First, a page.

CAGO fellow visit December 2018 

Introduction to occuloplastics didactics + exam.

Clinical skills: gonioscopy and Goldmann applanation tonometry.

MSICS and suturing. 

CAGO fellow visit February to March 2019 

Worked with John Cropsey to educate Ophthalmic Technicians. 

Developed lecture series for review of the ICO examination at RIIO.

CAGO fellow visit February 2020

Review session for upcoming ICO exam.

Provided lectures on various basic science topics and daily sets of practice questions.

Fellow provided one-on-one clinical skills development with new class of first year residents.

The second VISION 2020 LINK USA is currently forming between AAU and Emory University under the leadership of Sadik Taju of AAU and Jacquelyn O’Banion of Emory. This partnership’s Needs Assessment is focusing on a retinopathy of prematurity (ROP) screening program and a diabetic retinopathy (DR) screening program. As most travel has been disrupted by the recent COVID-19 pandemic, this LINK is expected to grow in the near future. Currently, Emory is continuing to support AAU resident education through the development of an online lecture and grand rounds database providing AAU residents and faculty access to the same educational activities as Emory residents. Additionally, Emory continues to support Ethiopian residency education with the annual ICO review course. Once COVID-19 permits travel within and between countries, ROP and DR LINKS activity will resume. 

Figure 3. RIIO residents taking their first International Council (ICO) examination (all passed!).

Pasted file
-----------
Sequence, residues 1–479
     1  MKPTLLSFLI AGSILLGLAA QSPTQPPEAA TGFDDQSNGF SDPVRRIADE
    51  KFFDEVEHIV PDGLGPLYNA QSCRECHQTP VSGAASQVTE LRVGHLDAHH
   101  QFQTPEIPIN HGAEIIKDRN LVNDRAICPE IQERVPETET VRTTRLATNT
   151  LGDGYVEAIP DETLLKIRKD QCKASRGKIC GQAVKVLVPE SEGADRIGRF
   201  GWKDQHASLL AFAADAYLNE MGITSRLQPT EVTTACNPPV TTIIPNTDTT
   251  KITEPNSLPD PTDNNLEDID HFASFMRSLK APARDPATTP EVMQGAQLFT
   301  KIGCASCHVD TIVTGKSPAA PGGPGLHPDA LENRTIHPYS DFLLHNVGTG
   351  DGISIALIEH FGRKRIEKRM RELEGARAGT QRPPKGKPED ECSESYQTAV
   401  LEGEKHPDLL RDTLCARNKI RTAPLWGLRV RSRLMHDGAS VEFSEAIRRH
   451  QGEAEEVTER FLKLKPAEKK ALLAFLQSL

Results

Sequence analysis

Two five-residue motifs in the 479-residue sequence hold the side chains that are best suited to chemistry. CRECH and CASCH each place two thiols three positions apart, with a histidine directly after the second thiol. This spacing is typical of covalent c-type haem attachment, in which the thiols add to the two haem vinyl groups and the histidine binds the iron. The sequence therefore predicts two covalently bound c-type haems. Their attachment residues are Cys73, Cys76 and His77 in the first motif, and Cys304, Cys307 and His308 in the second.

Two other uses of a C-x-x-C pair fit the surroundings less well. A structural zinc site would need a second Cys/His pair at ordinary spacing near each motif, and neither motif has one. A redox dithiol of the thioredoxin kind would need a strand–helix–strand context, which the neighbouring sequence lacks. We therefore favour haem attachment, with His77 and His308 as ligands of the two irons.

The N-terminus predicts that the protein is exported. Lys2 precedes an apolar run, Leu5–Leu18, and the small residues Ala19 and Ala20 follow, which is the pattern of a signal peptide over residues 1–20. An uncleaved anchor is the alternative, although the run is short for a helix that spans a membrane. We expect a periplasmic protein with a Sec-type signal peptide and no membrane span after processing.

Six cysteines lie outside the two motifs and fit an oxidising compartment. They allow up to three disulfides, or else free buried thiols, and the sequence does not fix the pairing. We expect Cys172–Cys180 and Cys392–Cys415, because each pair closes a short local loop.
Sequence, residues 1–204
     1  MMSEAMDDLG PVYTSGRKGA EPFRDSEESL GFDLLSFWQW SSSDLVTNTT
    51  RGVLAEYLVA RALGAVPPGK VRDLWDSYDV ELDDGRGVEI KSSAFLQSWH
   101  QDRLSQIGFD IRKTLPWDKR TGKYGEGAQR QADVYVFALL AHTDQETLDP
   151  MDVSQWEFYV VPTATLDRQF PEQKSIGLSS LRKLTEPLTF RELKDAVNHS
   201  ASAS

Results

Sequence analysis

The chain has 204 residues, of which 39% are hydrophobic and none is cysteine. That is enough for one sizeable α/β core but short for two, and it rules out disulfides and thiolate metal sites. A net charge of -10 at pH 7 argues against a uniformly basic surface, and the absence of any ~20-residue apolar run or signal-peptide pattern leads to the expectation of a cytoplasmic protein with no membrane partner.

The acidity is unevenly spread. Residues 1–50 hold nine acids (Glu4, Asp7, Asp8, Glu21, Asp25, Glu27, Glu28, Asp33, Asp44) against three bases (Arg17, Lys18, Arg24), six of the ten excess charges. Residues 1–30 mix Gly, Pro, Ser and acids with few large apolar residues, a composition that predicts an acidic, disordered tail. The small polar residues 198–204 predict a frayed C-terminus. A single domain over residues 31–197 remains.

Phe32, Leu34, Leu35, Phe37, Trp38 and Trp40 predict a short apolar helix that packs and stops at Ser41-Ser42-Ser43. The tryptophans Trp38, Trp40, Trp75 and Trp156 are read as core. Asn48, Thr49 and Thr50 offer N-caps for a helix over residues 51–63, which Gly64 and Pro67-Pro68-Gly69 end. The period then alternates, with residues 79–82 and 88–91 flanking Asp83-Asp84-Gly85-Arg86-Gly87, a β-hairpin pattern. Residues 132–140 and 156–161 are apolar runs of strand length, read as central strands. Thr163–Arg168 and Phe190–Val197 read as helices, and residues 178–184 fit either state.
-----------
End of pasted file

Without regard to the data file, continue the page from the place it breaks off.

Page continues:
There are different ways of thinking about the lack of ophthalmologists in the world. One is through the patient perspective. A patient with avoidable blindness in this world still goes blind even if there is the best treatment in the world for the condition exists, but there is no ophthalmologist available to give that care. This blindness has many consequences: it impacts on income, quality of life, and can even bring early death. That is a harsh reality for someone with a condition as curable as a cataract. Another perspective is from the doctor. There are doctors in low-resource settings taking care of all the glaucoma, cataracts, pediatrics, macular degeneration, glasses, and trauma for a population of one million people. That is a very, very heavy burden to carry. “Train more ophthalmologists!” is easier said than done, but it is the goal of the VISION 2020 LINKS Program to alleviate this burden for the patients and to support institutions that train ophthalmologists where the shortages are most severe. To learn more about putting your institution to work to alleviate global blindness, please visit the websites of SEE International in Santa Barbara, California, and the International Centre of Eye Health in London, UK.